Critical analysis of national data confirmed their concerns and put pressure on physicians and researchers to find more reliable methods to meet the public’s expectations of error-free care. Soon, new methods were developed to more accurately track outcomes in a risk-adjusted manner and compare one organization’s results to others across the country. This effort led to countless new organizations devoted to improving safety and quality of medical care. Inevitably, new rules and regulations were written and new terminology emerged.
Public Perception and Influence
Until recently, Americans rarely questioned the authority, treatment decisions, or outcomes achieved by their physicians. They trusted their doctors and believed no other country could match the capabilities of the American healthcare system. While people generally understood that the practice of medicine is imperfect and that failures and complications are inevitable consequences of caring for sick patients, they also assumed that the medical world supervised a standardized, highly effective system to monitor results and prevent errors. The medical profession generally reinforced these societal assumptions, proudly pointing to M&M conferences, certifying examinations by various specialty boards, and numerous hospital rules and processes as examples of how the profession monitors its members to assure the public of safe, high-quality outcomes. Unfortunately, the safety net we had traditionally relied upon did not always keep pace with the evolution of modern medicine and its increased complexity and risk. Sporadic reports of tragic cases of errors resulting in major harm or death prompted some to question how this could occur in the American health system. For example, after the in-hospital death of an 18 year old in 1984, a lawsuit now referred to as the “Libby Zion case” was directed against a teaching hospital in New York. Contentious issues arising from the case included alleged lack of appropriate supervision of trainees and excessively long resident work hours resulting in poor decision-making because of fatigue . Ultimately, a New York state regulation was passed to limit resident physicians’ work to 80 h per week. In July 2003, the ACGME adopted similar regulations for all accredited medical training institutions in the United States .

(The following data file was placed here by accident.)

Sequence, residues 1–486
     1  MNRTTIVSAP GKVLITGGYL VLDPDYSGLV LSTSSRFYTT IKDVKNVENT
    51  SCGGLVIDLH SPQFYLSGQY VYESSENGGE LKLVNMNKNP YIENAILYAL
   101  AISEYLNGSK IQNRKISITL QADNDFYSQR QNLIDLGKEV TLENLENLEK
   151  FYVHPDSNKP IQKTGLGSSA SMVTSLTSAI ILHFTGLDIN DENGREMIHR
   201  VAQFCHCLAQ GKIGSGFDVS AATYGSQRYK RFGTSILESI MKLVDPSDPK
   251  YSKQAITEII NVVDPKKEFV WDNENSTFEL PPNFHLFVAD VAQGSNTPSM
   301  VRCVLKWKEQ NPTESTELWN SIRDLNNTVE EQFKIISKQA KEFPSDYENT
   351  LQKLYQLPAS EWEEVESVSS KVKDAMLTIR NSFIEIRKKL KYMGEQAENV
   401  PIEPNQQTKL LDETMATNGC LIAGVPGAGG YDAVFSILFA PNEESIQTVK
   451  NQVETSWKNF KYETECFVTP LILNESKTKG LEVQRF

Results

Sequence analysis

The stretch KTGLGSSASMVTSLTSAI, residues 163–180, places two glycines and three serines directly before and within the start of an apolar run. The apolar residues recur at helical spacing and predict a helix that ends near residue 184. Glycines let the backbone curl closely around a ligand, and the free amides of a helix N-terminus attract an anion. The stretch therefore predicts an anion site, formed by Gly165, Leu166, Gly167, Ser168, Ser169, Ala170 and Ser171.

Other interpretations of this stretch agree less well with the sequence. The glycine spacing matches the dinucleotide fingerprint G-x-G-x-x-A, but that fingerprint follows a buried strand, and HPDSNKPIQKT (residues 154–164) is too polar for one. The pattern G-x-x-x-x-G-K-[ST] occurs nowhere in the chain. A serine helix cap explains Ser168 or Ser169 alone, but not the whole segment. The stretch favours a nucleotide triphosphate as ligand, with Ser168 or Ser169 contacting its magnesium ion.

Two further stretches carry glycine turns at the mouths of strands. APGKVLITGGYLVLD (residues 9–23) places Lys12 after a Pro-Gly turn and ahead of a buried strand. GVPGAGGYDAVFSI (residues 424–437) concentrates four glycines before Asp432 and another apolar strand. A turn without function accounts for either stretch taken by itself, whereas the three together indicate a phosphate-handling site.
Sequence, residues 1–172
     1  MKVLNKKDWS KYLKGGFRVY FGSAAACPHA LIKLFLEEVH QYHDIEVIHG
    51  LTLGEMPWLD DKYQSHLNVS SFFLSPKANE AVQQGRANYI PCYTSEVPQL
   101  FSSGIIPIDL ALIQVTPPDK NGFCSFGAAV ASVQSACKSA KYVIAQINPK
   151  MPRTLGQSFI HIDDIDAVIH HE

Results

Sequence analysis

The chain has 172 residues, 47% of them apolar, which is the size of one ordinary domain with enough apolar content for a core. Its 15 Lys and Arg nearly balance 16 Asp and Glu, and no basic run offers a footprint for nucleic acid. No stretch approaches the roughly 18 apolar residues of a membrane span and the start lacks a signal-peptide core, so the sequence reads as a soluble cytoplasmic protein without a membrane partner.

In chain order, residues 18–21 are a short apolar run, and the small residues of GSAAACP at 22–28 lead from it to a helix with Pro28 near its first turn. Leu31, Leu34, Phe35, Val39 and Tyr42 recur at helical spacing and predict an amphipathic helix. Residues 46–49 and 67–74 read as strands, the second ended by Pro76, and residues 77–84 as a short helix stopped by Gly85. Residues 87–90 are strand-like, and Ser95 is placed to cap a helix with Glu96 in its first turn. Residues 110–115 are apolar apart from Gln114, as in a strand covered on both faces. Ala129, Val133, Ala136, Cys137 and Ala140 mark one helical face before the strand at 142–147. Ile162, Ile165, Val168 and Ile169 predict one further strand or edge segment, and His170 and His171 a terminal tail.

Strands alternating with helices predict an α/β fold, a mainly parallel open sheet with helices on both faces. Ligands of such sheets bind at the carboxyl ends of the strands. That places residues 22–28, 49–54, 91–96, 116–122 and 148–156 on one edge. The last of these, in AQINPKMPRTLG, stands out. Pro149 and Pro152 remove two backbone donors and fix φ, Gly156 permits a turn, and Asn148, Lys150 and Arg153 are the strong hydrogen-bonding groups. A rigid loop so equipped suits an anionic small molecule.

A major public challenge to the optimistic belief that American medicine was “best in the world” attracted the attention of Congress in the mid to late 1980s. There was a growing public perception that the surgical care provided in the 133 hospitals overseen by the Department of Veterans Affairs (VA) was characterized by excessive surgical mortality and morbidity. Public pressure forced Congress to review the matter. After confirming the safety concerns were legitimate, Congress passed Public Law 99–166 mandating the VA annually report its surgical outcomes on a risk-adjusted basis to account for patient comorbidities and compare them to national averages . This was no small task since there was no risk adjustment model for surgical specialties nor were there national averages to use for comparison! To the great credit of the surgeons, statisticians, and other researchers at the VA, the National VA Surgical Risk Study (NVASRS) was launched in 44 VA medical centers to correct these two deficits and simultaneously improve surgical quality across their system. The success of their efforts led to establishment of an ongoing program, the National Surgical Quality Improvement Program (NSQIP) in 1994 . The VA centers reported a 27 % decrease in operative mortality and a 45 % drop in morbidity rates from 1991 to 2000 as a result of their efforts, a resounding success by any standard .
Institute of Medicine Report